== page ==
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Can Daylight Savings Time Affect Your Eyesight?

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The change in daylight saving time will force most of us to get up and set our clocks an hour ahead, which effectively advances an hour of daylight from daytime to nighttime, give us those long summery nights. Whether or not the practice really brings down energy bills is still quite debatable, but it is the physical and emotional toll brought on by the subtle time change that makes all the difference.

The Effects of Daylight Saving Time on Your Eyesight

As per the National Safety Council, a driver’s reaction depends on his or her vision, up to 90%. During daylight savings time, research suggests that around a third of all vehicle drivers complain about vision issues when driving in the darkness. Poor eyesight contributes to greater risk of injuries, especially at night. Specific difficulties, such as the inability to read road signs, road hazards, pedestrians and headlight glare, from other vehicles. In older drivers, vision problems are more prevalent.

The general concept behind this is the subtle changes in our circadian rhythms and sleep patterns that in turn influence our ability to concentrate on things. This inability to concentrate either while driving or while doing other activities, such as office work or studying, can put strain on the eyes. Although there isn’t sufficient evidence to back the harmful effects of DST on eyesight, it sure does impact people whose eyesight is already affected and those who wear glasses.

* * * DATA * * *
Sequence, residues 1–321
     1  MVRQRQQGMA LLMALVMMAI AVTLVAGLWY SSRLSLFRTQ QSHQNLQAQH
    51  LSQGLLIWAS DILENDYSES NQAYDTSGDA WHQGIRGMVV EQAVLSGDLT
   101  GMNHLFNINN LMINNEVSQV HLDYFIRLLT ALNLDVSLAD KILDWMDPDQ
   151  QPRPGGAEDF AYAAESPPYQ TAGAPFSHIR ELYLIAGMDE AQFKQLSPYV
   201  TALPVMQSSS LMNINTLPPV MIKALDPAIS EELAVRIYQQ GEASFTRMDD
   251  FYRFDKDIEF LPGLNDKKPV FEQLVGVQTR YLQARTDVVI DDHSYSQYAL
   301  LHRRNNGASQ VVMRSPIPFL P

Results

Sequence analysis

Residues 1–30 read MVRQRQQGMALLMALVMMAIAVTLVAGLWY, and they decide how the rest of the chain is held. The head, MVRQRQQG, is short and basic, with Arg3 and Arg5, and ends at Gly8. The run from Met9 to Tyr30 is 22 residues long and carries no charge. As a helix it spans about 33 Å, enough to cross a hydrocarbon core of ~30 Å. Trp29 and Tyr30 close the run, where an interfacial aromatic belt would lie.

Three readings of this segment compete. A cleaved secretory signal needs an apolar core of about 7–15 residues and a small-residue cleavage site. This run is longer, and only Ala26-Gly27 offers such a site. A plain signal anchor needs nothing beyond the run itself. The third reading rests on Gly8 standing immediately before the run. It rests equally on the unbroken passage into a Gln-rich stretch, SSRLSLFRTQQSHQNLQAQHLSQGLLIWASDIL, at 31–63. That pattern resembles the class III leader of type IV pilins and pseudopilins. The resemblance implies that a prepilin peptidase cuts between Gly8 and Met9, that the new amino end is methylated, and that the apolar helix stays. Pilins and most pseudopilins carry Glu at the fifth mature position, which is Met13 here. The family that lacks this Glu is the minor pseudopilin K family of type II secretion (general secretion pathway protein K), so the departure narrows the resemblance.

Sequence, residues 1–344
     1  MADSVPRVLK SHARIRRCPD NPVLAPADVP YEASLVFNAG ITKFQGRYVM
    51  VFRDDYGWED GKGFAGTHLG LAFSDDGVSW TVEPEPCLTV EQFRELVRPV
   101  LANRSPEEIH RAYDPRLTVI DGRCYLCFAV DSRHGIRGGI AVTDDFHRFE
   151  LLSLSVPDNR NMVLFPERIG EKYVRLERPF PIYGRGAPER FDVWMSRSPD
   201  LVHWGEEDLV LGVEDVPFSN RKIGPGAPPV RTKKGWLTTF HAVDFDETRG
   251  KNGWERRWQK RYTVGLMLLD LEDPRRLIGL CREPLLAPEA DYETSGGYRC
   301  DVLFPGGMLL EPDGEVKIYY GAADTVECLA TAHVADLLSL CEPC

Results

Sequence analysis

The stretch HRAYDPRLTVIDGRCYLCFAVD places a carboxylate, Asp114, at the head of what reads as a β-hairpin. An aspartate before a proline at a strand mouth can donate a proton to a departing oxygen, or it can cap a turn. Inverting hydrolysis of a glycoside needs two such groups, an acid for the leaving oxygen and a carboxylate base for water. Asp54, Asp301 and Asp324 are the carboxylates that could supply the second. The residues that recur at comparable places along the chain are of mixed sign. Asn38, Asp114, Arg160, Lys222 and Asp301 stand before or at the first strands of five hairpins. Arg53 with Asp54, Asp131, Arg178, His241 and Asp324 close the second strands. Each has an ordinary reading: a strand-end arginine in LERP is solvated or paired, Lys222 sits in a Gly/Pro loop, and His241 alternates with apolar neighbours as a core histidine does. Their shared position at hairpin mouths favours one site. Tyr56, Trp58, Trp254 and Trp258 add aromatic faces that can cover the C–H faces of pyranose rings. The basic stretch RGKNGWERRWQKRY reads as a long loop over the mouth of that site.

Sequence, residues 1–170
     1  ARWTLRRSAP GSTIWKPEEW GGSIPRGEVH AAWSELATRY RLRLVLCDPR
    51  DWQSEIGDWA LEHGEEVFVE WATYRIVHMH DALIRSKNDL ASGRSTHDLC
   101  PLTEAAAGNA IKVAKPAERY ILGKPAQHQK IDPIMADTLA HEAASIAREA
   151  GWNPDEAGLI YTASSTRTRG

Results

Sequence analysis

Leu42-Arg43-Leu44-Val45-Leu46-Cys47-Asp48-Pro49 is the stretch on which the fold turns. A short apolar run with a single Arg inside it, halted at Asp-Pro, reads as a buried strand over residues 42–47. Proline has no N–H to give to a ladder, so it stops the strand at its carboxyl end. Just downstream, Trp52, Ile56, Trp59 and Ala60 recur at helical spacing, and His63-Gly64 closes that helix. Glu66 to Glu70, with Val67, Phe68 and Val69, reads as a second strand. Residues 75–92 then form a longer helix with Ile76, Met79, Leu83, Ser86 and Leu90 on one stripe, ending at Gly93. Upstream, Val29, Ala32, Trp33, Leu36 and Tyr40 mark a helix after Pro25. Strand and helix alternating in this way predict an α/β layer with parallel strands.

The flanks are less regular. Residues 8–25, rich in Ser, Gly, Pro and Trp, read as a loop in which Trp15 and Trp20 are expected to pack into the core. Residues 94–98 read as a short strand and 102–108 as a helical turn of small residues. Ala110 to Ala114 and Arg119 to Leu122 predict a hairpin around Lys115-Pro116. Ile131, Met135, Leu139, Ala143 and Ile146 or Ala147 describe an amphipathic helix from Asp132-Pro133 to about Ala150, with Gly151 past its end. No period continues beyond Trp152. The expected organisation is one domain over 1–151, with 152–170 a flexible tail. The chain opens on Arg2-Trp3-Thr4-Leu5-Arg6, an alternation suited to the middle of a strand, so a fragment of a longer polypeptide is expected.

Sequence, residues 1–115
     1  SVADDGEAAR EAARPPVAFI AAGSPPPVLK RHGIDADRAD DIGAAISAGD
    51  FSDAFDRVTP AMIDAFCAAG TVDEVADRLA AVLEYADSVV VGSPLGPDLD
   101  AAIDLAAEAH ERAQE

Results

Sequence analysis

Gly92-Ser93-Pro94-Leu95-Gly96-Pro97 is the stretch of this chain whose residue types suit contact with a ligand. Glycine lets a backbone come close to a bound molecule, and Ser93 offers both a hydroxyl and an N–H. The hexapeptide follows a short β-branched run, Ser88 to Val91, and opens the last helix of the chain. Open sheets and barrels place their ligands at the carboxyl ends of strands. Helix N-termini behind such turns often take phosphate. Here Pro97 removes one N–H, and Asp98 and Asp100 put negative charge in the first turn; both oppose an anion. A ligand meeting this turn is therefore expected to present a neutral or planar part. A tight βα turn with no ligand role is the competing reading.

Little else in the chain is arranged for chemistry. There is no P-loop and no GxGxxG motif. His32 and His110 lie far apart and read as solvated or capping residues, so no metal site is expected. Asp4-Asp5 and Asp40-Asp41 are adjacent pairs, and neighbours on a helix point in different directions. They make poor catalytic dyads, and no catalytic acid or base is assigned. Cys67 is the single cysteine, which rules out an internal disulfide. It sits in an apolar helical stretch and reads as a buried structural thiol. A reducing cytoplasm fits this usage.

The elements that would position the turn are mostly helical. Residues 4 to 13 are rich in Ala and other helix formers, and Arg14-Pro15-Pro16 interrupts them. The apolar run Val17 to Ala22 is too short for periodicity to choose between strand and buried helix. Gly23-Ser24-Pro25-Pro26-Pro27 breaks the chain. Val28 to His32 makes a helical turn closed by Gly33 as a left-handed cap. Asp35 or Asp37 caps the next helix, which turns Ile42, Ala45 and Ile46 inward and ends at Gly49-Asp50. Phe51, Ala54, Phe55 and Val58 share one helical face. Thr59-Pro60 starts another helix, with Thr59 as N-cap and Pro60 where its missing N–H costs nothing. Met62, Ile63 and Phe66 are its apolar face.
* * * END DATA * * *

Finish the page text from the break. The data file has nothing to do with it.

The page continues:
According to a nationwide survey conducted by Shedding Light on Driving in the Dark, 515 participants who wore glasses reported some kind of vision problem. 32% of the drivers face trouble seeing most or all the time when driving in the dark, while 26% claimed to be having trouble making out road signs. 20% acknowledged difficulty spotting road turns while 20% admitted to having trouble seeing pedestrians or animals. Lastly, 22% of the participants reported issues in judging distance when driving at night.

Besides messing the eyesight, daylight savings time bring other health issues, such as sleep deprivation, longer hours spent on electronic devices, and more headaches and a feeling of exhaustion in general. Sleep deprivation is a serious issue that can trigger a number of health problems, such as stress, blurry vision, low concentration level and strained eyesight. To avoid these problems, what you need to do is create a sleep-friendly environment so that your whole body, including your eyes can get enough rest to be able to function properly.

Set up an environment that improves your chances of falling asleep, sleeping peacefully, and for a longer period of time. The basic things you can do here is avoid alcohol and caffeine, exercise prior to sleeping and create relaxing rituals to calm yourself before bed. This includes taking a hot bath, wearing eye masks and ear plugs, just to name a few. Even though there is not enough evidence about how different diets affect your circadian rhythm, but carbs in general make it easier to fall asleep.

Written by Total Focus

At Total Focus Optometry, we’ve spent the last 70 years building meaningful relationships with our patients and their families. From routine eye exams to contact lens fittings we offer our patients a variety of services to meet their eye care needs.

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